November 20, 2014 § 5 Comments
Describing a breakthrough he had while struggling with a landscape painting, 19th century American painter, Albert Pinkham Ryder wrote, “…the old scene presented itself…and before my eyes , framed in an opening between two trees. It stood out like a painted canvas…three solid masses of form and color: sky, foliage, and earth. The whole was bathed in an atmosphere of golden luminosity. I threw my brushes aside; they were too small for the work at hand. I squeezed out big chunks of pure, moist color, and taking my palette knife, I laid on blue, green, white, and brown in great sweeping strokes. As I worked, I saw that it was good and clean and strong. I saw nature springing into life upon my dead canvas! Exultantly I painted until the sun sank below the horizon. Then I raced around the fields like a colt let loose and literally bellowed for joy!” *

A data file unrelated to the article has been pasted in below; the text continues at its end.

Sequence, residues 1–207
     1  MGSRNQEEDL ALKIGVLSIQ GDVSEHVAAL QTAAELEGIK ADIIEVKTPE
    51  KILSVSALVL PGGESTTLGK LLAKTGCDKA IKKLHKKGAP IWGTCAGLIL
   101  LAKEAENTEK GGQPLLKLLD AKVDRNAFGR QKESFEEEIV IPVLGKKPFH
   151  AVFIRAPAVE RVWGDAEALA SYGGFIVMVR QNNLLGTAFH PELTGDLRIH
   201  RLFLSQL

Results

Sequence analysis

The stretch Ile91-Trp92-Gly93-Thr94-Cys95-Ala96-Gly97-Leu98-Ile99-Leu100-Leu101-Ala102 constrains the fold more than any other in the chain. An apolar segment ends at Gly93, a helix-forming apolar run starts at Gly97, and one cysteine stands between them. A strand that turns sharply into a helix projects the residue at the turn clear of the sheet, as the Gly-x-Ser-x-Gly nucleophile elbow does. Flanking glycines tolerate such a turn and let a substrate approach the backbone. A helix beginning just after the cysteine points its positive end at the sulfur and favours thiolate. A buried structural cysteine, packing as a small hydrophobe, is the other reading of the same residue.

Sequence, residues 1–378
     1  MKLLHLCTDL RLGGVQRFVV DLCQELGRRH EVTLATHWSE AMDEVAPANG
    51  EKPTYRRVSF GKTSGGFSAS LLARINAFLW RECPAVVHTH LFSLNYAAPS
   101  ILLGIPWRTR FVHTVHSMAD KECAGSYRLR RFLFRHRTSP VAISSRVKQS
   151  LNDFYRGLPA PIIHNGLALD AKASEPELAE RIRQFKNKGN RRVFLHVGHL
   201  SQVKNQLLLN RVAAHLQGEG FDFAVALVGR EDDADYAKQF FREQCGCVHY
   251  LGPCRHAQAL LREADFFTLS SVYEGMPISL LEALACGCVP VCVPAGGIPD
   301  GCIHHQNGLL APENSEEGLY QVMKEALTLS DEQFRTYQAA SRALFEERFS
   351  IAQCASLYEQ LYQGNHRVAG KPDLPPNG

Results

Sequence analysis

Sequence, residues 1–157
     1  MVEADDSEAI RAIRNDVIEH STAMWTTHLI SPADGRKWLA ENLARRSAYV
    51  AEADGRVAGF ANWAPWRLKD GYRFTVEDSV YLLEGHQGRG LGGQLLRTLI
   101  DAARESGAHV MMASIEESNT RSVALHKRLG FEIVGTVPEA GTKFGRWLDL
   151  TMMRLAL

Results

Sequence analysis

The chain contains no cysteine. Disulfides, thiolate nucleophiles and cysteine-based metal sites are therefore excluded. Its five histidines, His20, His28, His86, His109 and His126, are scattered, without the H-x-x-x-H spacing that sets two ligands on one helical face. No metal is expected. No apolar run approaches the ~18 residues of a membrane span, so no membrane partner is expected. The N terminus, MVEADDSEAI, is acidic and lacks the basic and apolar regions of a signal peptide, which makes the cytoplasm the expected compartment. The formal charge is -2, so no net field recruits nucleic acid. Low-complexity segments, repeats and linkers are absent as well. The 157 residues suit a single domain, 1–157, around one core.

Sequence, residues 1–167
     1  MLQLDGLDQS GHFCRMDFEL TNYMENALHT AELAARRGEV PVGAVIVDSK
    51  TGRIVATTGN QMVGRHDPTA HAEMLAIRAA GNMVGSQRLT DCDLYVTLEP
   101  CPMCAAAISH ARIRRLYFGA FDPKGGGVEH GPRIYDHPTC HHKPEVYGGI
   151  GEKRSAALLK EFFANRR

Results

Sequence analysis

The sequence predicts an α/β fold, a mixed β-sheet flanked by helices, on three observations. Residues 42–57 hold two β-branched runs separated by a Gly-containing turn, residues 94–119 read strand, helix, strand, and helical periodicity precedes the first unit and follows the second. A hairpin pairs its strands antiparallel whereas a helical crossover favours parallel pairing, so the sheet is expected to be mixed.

A gallery of color massings from the centuries:
October 23, 2014 § 2 Comments
A gallery of interior paintings by contemporary and past masters.
March 7, 2014 § 3 Comments
Experience teaches us that limitation is the essence of creativity. Like a flute playing in an echo chamber, the sounded notes of a few colors, a few shapes, or lines set up visual resonances within the bounding space of the rectangle, multiplying complexity in unforeseen ways through their endless permutations. Using color in a limited way is a great way to explore this phenomenon. Here are some examples of works that choose to proscribe the range of color intensity, exploring the neutral zone that lies in the center of the color circle. Because of the relativity of color, the rainbow continues to assert itself but in a lowered intensity key. Color appears, not through pigmentation, but through optical relationships. Absence becomes presence.